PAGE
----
Why Facebook Messenger’s Money Sending Service Could Prove Dangerous

Social Networking

Facebook has announced that its Facebook Messenger app will soon include a money transfer service, accessible easily from the chat screen. The service will be free to use and users will be able to both send and receive money through the app. In order to send money to a friend, they will need to tap a small button that’s accessible above the keyboard, add a Visa or MasterCard debit card and then choose an amount.  

This new transfer service will mean that Facebook can begin to compete with money sending services like PayPal which already have an easy to use app. Transfers are said to be protected through layers of software and hardware that keep card details secure. 

The feeling from many is that the service will add a new level of convenience to Facebook Messenger as you could pay someone instantly for the tickets for a holiday or activity you’re planning, or lend them money before a night out. This makes the system particularly good for young people who can transfer funds to each other while chatting without having to log in to their online banking account. However the word on the street, especially from users who have seen Facebook grow over the years into a platform of annoying notifications, spam and advertising, is that they don’t trust Facebook enough to give the network access to their bank card details.  

Nonetheless, the real security issue is not with Facebook’s handling or encryption software, but in the actual ease of use of the system. Apart from young teens possibly going overdrawn by lending money to their friends, the amalgamation of chat system and money transfer puts people at target for online grooming. 
The rise in online grooming for money is not targeting young internet users, as you may think, but the older generation. With recent schemes to help older users get online, many are now adopting smartphones and social networks like Facebook in order to stay connected and pass the time. It’s not unusual for people to meet new friends online, through message boards, dating sites or other websites, and meeting or keeping in touch with online friends is easy through a network like Facebook.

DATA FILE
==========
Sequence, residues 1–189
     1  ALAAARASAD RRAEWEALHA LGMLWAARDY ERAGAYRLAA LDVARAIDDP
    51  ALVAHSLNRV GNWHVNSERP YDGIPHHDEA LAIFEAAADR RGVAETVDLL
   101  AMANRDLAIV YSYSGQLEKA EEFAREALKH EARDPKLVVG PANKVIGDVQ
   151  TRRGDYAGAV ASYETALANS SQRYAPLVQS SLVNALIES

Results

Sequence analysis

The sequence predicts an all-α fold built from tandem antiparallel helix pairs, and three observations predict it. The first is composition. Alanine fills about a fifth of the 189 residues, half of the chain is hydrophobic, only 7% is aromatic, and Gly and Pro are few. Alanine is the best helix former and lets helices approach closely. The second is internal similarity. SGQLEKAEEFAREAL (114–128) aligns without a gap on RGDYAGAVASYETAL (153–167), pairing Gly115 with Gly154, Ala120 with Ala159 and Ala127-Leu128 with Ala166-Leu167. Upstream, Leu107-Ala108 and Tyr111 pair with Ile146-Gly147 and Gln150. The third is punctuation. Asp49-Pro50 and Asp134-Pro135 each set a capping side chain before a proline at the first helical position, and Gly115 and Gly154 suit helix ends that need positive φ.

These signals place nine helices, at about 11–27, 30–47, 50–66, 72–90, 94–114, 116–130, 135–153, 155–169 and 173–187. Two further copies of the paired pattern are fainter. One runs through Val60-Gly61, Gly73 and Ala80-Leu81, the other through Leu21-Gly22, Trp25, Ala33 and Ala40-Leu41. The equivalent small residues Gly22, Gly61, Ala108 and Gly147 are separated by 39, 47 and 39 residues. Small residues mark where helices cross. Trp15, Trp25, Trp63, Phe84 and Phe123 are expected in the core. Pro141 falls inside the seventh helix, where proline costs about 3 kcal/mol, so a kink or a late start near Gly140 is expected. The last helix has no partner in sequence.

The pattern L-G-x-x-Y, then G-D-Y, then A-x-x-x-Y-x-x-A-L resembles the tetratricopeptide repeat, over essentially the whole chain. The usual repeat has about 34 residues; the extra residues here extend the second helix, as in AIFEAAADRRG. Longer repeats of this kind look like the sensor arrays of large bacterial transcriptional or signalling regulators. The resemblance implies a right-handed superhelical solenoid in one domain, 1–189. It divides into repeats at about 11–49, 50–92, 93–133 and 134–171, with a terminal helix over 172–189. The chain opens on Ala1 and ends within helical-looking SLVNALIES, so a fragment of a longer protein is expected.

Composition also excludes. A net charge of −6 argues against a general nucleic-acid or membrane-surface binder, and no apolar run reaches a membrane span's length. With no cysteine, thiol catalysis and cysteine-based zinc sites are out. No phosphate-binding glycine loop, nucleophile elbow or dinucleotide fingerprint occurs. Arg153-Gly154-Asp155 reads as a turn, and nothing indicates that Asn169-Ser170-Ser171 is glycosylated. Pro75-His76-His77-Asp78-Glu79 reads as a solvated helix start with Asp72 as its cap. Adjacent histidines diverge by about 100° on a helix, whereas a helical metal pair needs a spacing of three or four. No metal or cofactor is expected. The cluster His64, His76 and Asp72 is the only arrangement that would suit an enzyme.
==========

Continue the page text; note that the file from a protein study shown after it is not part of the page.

Scammers set up fake profiles using fake photos and often have fake Facebook friends too. The same person can set up profiles on a range of social network sites in order to make them look more genuine, all the while posting someone else’s photos. Lonely members of the older generation can often get close to people online, believing the person is who they say they are and being led along by a stream of lies created to make them seem trustworthy. The online friend then suddenly asks for money, maybe for a sudden serious health condition, to help their family or maybe so that they purchase a plane ticket in order to meet up. 
This type of online grooming and scamming isn’t new, but a simple to use money transfer system will make it even easier for scammers to get their hands on victim’s cash as they’ll be able to ask for and receive it right in the chat window. This makes Facebook Messenger more of a risk for those who still don’t quite understand the internet or how to stay safe online, and it has long been known that those who are isolated or lonely are most vulnerable to this type of scam.  
We would hope that Facebook has measures in place to be able to avoid and overcome any potential scams and fraud that may take place through their transfer system. This may be one of the reasons the Messenger app will only allow debit cards and not credit cards to be used to fund the transfers.  

The service will initially only be available in the US and it has not yet been announced when the it will roll out, but more details of Facebook’s security measures will most likely be available closer to the service’s launch.